Catching wild prawns, better known as ‘prawning’ is an excellent family activity during the warmer months of the year. It’s a simple process that’s guaranteed to deliver laughs and if you’re lucky, a tasty feed of fresh local prawns!
A flashlight, a bucket, a scoop net and of course, a Victorian fishing licence, are the only things you’ll need to get started.
If you’re not ready to invest in a prawning light (a waterproof torch on a long pole), a head torch is a good substitute.
You want to find a nice light net to make maneuvering in the water easier, ensuring that the holes are small enough to avoid escapees.
Ensure your bucket is large enough to hold ample water for your prawns to hang out in, and also tall enough they won’t be able to jump out the top. Sometimes a lid is in order!
If you haven’t got a Victorian fishing licence yet, you can find all the details here
Prawns are often found on the flat, sandy banks around the edges of waterways. They will move in and out with the tide, so there’s no need to go deeper than waist height. Nighttime will often see them travelling under the cover of darkness, and in tidal waters they’ll likely be on the move in the current.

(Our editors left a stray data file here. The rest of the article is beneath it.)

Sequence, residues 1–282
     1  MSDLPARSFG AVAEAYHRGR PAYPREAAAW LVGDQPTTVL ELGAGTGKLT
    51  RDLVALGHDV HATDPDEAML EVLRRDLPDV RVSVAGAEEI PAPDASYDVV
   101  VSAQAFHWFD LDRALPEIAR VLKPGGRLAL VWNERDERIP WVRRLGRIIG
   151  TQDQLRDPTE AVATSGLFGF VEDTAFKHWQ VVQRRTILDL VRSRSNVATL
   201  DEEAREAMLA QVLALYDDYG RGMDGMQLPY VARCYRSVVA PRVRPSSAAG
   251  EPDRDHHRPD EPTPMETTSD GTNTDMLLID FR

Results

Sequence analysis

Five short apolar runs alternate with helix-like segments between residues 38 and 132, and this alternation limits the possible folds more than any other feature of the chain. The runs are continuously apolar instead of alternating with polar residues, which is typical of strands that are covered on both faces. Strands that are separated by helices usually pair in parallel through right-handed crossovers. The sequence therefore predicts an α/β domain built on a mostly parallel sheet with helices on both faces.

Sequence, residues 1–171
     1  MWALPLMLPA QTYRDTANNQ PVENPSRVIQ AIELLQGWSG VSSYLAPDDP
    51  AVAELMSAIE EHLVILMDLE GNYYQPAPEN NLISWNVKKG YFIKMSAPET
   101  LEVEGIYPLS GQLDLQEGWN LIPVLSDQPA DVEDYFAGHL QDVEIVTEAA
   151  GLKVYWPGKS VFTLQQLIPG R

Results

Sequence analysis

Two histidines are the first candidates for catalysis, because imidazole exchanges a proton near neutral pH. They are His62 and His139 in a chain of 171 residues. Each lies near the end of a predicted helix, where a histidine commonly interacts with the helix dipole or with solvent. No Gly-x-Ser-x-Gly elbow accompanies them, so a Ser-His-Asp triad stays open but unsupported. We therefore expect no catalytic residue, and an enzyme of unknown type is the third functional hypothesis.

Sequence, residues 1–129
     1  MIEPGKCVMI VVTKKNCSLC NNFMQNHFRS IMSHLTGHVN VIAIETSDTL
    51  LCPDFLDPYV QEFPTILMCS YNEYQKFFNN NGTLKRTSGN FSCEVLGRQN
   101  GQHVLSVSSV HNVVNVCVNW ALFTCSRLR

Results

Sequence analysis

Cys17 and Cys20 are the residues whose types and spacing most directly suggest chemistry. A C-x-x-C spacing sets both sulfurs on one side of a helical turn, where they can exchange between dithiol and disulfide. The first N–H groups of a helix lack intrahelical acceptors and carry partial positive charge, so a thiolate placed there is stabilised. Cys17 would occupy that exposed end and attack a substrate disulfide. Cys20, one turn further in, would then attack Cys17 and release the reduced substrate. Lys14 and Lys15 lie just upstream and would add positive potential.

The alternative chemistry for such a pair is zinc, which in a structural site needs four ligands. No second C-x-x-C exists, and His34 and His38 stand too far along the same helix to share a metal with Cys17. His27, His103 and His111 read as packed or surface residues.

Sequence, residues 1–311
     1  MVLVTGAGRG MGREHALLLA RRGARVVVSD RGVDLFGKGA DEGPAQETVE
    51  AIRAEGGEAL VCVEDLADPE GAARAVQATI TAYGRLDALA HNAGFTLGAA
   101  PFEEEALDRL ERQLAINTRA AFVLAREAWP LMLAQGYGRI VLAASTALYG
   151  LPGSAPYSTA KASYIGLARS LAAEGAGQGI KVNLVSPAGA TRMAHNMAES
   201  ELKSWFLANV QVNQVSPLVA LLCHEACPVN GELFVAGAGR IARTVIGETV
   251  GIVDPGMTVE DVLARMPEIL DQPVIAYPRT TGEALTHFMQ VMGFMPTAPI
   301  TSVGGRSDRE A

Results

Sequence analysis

When you’re prawning in moving water, wade out into the shallows and shine your torch across the surface, searching for red eyes reflecting back at you. Wait until the prawns are within scooping reach, then send out your net ahead of them in the current, grabbing them as they swim by.
In still water, prawns hold close to the bottom and will scoot off backwards when disturbed. Wave the light slowly across the bottom searching for the red eyes, then scoop them up from behind with the net. If you hold the light directly in front of them while you get in position, you can then gently spook them backwards into your waiting net.
Lakes Entrance and Lake Tyers are well known prawning hot spots that sees many Victorian families travelling to the area between late Spring and early Autumn. You can check out my favourite spots at both locations using the maps below.
For more info on bag limits and prawn regulations, you can access the VFA’s Recreational Fishing Guide information here
Prawning is a fun and easy activity for anglers of all ages, so get out there in the warmer months and give it a go! As always, we love seeing your adventures, so be sure to tag us via @wirfabnetwork on all your social media!